Abu Ghraib photos depict rape, sexual assault: ex-US general

[JURIST] The photographs of detainee abuse at Abu Ghraib prison [JURIST news archive] that US President Barack Obama [official website] does not want to release include depictions of rape and sexual assault, according to former US Major General Antonio Taguba on Wednesday. In an interview [text] with the Daily Telegraph, Taguba maintained support for Obama's decision [JURIST report] not to release the photos, maintaining that doing so would endanger US troops. In April, the Department of Justice (DOJ) [official website] agreed to release [JURIST report] at least 44 photographs of alleged detainee abuse in Iraq and Afghanistan pursuant to a court order [order, PDF]. After lobbying from senior military officials and meeting with White house lawyers, Obama reversed the decision to release the photos based on concerns for the safety of US troops. The American Civil Liberties Union (ACLU) [advocacy group] criticized [press release] Obama's decision, claiming that it contradicted the administration's desire to restore transparency and moral standing. Taguba addressed the ramifications of releasing the photographs, saying:

I am not sure what purpose their release would serve other than a legal one and the consequence would be to imperil our troops, the only protectors of our foreign policy, when we most need them, and British troops who are trying to build security in Afghanistan. The mere description of these pictures is horrendous enough, take my word for it.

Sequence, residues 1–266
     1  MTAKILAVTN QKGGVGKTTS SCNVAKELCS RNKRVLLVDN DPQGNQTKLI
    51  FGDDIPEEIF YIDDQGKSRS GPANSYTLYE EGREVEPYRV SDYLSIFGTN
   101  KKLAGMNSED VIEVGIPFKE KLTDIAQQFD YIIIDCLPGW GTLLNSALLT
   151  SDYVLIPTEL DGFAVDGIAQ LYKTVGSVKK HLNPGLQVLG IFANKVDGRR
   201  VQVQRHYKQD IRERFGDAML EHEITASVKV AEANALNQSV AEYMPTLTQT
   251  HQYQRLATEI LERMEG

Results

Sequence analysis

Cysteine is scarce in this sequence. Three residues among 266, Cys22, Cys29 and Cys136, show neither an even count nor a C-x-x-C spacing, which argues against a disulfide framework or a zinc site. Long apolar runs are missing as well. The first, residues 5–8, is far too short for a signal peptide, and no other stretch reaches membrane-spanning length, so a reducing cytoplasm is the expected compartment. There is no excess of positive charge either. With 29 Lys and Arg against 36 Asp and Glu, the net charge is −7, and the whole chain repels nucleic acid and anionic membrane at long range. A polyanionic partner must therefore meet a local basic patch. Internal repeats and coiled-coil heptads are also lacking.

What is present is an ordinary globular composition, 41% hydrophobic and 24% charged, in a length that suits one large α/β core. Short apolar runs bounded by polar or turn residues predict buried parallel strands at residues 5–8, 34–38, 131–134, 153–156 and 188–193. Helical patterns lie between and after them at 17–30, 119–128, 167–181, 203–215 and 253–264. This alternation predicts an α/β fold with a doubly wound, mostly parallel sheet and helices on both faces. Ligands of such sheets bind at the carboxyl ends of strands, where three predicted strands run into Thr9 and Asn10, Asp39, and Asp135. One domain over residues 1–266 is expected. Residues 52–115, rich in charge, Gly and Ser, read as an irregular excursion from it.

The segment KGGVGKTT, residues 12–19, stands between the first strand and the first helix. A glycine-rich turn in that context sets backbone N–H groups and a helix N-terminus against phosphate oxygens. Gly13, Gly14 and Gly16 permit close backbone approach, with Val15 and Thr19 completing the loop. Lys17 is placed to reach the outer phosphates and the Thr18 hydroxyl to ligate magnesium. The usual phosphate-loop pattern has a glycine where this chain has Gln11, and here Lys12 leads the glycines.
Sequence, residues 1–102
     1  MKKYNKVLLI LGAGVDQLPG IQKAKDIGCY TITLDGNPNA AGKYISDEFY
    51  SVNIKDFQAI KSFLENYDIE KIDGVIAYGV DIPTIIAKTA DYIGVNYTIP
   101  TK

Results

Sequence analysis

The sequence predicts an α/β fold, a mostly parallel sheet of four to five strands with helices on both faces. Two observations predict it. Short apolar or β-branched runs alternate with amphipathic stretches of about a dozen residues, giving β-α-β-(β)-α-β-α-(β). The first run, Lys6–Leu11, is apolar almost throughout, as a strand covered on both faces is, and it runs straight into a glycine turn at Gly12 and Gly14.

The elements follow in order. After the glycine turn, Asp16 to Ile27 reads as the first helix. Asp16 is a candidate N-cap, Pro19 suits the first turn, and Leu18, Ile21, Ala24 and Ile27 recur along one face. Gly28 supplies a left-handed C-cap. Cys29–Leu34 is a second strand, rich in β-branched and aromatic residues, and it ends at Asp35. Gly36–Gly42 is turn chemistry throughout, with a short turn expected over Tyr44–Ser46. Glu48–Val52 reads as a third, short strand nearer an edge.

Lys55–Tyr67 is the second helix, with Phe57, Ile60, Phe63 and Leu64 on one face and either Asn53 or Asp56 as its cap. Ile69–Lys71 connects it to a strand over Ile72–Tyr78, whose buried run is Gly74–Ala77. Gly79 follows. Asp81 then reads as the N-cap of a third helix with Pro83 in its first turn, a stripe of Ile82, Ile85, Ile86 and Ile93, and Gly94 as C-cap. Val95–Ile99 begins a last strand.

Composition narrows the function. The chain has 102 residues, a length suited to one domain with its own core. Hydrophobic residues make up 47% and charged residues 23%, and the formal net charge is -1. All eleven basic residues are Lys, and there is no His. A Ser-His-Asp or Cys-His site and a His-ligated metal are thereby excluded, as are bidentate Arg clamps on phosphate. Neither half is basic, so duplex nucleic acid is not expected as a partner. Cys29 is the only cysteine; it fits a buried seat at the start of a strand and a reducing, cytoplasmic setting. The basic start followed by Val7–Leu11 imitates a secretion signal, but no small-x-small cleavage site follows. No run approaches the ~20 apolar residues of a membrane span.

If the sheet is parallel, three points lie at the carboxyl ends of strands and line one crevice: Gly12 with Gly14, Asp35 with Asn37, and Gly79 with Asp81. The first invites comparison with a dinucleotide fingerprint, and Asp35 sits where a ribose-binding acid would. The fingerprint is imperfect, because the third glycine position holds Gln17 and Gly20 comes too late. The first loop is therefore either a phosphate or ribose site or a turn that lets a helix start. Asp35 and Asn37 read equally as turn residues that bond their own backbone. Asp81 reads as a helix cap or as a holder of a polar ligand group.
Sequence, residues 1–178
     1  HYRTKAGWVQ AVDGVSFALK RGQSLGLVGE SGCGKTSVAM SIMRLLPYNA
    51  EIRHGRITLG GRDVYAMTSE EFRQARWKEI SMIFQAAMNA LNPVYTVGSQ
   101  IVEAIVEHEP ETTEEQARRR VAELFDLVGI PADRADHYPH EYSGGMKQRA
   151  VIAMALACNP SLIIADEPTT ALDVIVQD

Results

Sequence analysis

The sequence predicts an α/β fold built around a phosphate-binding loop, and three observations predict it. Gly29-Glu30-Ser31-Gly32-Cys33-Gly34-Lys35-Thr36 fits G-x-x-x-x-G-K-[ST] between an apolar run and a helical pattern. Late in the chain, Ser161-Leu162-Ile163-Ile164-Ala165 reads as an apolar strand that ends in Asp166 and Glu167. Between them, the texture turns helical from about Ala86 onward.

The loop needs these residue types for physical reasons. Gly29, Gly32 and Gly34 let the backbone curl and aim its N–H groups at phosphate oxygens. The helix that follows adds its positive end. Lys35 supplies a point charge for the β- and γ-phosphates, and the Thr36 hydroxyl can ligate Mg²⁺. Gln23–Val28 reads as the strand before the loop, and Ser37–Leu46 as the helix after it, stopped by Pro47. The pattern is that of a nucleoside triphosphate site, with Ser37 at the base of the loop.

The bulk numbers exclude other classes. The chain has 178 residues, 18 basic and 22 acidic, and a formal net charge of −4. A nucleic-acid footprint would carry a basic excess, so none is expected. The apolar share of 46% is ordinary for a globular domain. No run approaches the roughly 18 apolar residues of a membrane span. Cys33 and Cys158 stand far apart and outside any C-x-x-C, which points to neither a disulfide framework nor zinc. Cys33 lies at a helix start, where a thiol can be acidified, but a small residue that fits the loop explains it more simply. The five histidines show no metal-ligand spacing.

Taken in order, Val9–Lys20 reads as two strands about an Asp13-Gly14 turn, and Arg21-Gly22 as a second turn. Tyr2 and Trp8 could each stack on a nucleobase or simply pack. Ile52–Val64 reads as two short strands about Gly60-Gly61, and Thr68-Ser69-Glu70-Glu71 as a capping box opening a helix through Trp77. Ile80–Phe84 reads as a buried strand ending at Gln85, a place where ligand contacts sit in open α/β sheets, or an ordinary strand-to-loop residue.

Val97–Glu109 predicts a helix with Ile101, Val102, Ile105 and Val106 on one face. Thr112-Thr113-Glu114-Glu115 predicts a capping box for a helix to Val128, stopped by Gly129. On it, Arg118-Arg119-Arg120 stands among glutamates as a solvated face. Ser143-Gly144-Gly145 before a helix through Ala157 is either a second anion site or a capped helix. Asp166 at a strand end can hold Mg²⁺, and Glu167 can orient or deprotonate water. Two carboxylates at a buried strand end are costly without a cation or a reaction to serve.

Taguba investigated the alleged abuse in 2004 and reported his findings [text, PDF], which include sworn statements by 13 detainees whom he called "credible based on the clarity of their statements and supporting evidence." Taguba's 2004 report, while lacking information regarding photographs of rape, alleges detainee abuse that includes sodomizing with objects, beatings, humiliation, taking sexually explicit photographs, and threats of rape.

After Obama's recent decision to not release the photographs, the DOJ sent a letter [text, PDF] to district Judge Alvin Hellerstein saying that "the Government has decided to pursue further options regarding that decision, including, but not limited to the option of seeking certiorari." Last month, the DOJ sent a letter [text, PDF] to Hellerstein saying that they would comply with his 2005 order to release 21 photos from Abu Ghraib. Hellerstein's order resulted from a Freedom of Information Act [text] challenge [ACLU materials] brought by the ACLU against the Department of Defense (DOD) [official website]. The DOD appealed the decision to the US Court of Appeals for the Second Circuit [official website] and lost [JURIST report].

2:00 PM ET: The Pentagon has denied [Reuters report] that any of the photographs in question depict sexual abuse.

 

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